It was 5:58 pm on a Friday. I had been working since a little before 8:00 that morning, and I finally got to a point where I knew I could leave things until Monday.
Of course, I wouldn’t. There would be little flurries of work here and there, emails answered, plans tweaked, but for the most part, I’d managed to shoehorn grading, planning, paperwork, everything into my work week and I was ready for the weekend.
I closed my laptop and picked up my phone, flipping through notifications as I left the room, my thoughts already planning out the steps for getting dinner ready for my family, when I saw something that literally froze me in my tracks. …
I ran away from home this morning.
Well. Walked away.
It’s the “away” part that matters.
The sun was bright, low in the sky, making me squint. It was kind of annoying. Gave me a headache.
But I didn’t care. “Away” was calling to me. With a bullhorn.
I had to go.
As I put distance between myself and my house, my family, my life one hurried, a desperate step at a time, I kept wondering: Who am I? …
We are sold the idea that cause and effect grant us predictability and control over our lives, enabling us to get desired results from planned actions, meet our goals, create the life we desire.
If we work hard, we’ll get ahead: better jobs, more money, more comfort, luxury and free time.
If we exercise, we’ll stay healthy and look good.
If we mind our own business and take care of our obligations, the world will treat us kindly and all will be well.
But it’s not true.
It’s less true for some than others, of course. Because of privilege, luck, culture, and any number of factors (all of which may change in different contexts), some are more able to see measurable results from their efforts to craft a life they love. …
Learn to meditate.
What? No list of all the things haranguing you on a daily basis, the noise in the world and the uncertainty and the fear that assault us day in, day out right now? No tantalizing promises of waterfalls and transcendence to draw you in? No effort to convince you that this is what you need?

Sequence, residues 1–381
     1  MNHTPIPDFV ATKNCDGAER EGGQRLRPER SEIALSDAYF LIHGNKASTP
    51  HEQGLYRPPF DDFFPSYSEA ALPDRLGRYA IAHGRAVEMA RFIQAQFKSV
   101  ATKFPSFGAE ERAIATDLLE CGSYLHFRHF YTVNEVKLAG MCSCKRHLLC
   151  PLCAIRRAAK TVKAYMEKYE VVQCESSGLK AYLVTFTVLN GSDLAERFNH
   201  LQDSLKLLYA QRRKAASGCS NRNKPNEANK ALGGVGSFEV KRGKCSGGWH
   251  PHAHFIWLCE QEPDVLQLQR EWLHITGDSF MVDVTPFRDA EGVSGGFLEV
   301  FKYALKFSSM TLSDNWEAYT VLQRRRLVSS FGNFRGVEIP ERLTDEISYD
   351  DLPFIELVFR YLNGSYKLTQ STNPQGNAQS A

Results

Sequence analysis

You know all that — I don’t need to remind you of all the stuff eating away at your peace of mind, your ability to concentrate, to relax, to sleep well, to feel just plain old okay.
There is no refuge from it, folks. We can’t escape this world — well, most of us can’t. There are a few with their own private islands, households of servants, enough resources to construct a completely artificial shell around…
My childhood was gilded by the stories I read. The magic that spooled out of tales about other worlds, other people, other times and places filled me with delight, wonder, and a yearning for a share of it in my own life.
Along with Thoreau, I wanted to “live deep and suck out all the marrow of life.” Like Anne, I wanted to savor and “drink in” the world around me, steep myself in the alchemy of life.
I still want that, still crave the bewitching profundity that can be found in the pages of a book. I reread old favorites, I seek out new ones. …
2020 has brought so many changes, adjustments, work-arounds and reinventions. Many include technological solutions, and it seems that remote everything is King.
With this technological take-over of our daily existence, I never expected one are of my life would move in the opposite direction.
But that’s what’s happened to my writing practice.
As a teacher I have had a computer in front of me, a keyboard at my fingertips, daily for a couple of decades now. …
The half-century mark has been on my radar for a while now. Halfway to 100 is a hard one to overlook.
More and more I feel driven to sort through my self, clear out the cobwebs, free up space by discarding the things that don’t matter, but that I’ve carried with me all these years.
Some of that energy is turned toward my professional life: getting rid of the unnecessary, redundant, box-checking tasks to make room for what’s really important. Not only do I enjoy my work more, but I get more time for everything else: writing, family, self. Win-win!
But my biggest project, the one that murmurs quietly at the back of my mind beckoning me to open new doors while I board up old ones, is in the category of “self:” I am a woman, a product of Western society and culture, and I struggled for a decade with an eating disorder. …
I was at the hospital yesterday getting some routine labs done. The nurse who called me back to get my blood drawn looked frazzled. I asked her how she was, and a few sentences into telling me how tired and busy she was, she started tearing up.
“I’m sorry, I’m so sorry,” she sniffled as she prepped my elbow and deftly, painlessly inserted the needle.
“If you can be this tired and do that without hurting me, you have nothing to be sorry for,” I told her.
Then she asked me how I was.
Thinking that I had nothing to compare to what she, a nurse in a hospital during a pandemic, is dealing with right now, I waived the question off. …
I’m thinking a lot about time these days.
There are many reasons for this — too many for a comfortable, contemplative ramble through my own thoughts, in fact. It’s more like being on a roller coaster: swooping up and down, sometimes seeing things upside down, with sudden and jarring leaps sideways and free-fall moments following on the heels of frozen seconds, suspended at the highest point imaginable, looking out over everything.
The pandemic, for starters. The bizarre amalgam of constant end-of-the-world headlines and slow, syrupy hours at home with no social contact telescopes my days, stretching them into long corridors of time: a weird, frantic emptiness. …